Oprah Visits Bank For First Time In 29 Years And Deposits An Enormous Check
By Ryan Velez
One might wonder what you do for fun when you have as much money as Oprah. According to Celebrity Net Worth, apparently visiting a bank. For the first time in 29 years, the star decided to stop into a bank, depositing a check that likely made for one very surprised teller.
On a recent episode of Ellen DeGeneres' "Show Me More Show" on YouTube, Winfrey recounts that she recently visited a physical bank for the first time since 1988 to deposit a check worth $2 million. "I just wanted to," she tells DeGeneres. "I just wanted to do it. I stood in line — just to do it!"
While $2 million dollars is likely more than your average bank patron would ever see, let alone deposit, it is little compared to Winfrey, who boasts a net worth of $3.1 billion according to Forbes. However, she simply described the moment as “fantastic,” which makes a bit of sense if you consider the poverty and obscurity where she first started her life. In the episode, Oprah also revealed that she doesn’t know her own PIN number, and would likely have a hard time using an ATM. This is likely an issue that many people would trade for even an iota of her wealth.
In the interview, Winfrey also shared the advice that she would give to her 21-year-old self. The advice? A simple "Relax, girl," she says. "You're going to be all right."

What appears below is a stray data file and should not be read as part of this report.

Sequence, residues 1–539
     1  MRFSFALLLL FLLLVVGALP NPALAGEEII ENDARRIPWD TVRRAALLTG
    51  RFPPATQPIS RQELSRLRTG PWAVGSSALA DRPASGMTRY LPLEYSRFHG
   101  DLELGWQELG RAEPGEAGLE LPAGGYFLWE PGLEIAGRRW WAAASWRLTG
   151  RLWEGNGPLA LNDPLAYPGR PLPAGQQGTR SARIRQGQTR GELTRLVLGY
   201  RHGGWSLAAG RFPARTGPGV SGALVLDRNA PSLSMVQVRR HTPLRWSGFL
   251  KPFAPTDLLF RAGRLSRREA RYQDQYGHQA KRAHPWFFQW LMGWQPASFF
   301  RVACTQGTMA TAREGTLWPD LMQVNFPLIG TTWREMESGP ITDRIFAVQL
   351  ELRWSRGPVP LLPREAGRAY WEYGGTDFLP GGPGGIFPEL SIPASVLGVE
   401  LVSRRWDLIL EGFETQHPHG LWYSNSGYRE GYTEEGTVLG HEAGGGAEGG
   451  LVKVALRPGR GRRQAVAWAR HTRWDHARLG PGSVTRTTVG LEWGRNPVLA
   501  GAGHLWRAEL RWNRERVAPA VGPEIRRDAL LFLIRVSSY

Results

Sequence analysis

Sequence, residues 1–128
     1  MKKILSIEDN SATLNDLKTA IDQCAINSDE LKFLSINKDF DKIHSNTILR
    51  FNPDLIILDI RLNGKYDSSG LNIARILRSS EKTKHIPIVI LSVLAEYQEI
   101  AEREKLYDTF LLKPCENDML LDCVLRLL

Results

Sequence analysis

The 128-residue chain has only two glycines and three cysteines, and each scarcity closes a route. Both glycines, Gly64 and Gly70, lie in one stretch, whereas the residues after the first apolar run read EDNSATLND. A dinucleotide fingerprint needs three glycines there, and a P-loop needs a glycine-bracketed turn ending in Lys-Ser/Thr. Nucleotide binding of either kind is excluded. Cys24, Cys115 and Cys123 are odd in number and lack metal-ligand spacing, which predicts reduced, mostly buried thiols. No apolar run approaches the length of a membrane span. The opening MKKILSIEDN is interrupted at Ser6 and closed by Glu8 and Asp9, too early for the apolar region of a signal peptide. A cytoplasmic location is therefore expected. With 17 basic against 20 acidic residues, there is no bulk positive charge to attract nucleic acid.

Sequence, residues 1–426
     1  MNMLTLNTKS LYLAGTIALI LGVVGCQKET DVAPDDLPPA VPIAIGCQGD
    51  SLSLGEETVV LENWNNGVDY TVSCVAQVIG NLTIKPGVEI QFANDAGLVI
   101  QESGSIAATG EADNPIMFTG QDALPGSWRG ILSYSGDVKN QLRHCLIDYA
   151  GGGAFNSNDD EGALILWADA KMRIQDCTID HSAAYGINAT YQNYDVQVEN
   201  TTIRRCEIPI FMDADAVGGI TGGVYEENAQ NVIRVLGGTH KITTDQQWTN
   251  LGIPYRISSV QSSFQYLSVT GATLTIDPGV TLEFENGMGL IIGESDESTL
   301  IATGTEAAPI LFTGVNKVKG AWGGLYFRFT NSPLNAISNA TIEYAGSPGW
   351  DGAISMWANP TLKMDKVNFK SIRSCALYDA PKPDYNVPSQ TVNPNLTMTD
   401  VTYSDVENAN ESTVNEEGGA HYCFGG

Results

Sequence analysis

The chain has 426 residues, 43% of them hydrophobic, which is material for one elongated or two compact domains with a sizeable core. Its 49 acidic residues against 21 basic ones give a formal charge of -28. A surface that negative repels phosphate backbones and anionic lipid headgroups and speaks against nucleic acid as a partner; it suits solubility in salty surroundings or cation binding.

CNBC tells similar stories of celebrities popping into banks in order to make some surprising deposits. In July, tennis champion Serena Williams revealed in an interview with Uninterrupted, a media company owned by LeBron James and Maverick Carter, that she tried to deposit her very first million in the bank's drive-thru.
I remember, I went through the drive-thru to deposit my check and they were like, 'I think you need to come in for this,'" she says. Williams also shared how she actually used to forget to pick up her checks.
"When I first turned pro, you had to go pick up your check," she says. "I never, never picked it up, so at the end of the year, the tournament directors would literally hand me the check because I would never go get it."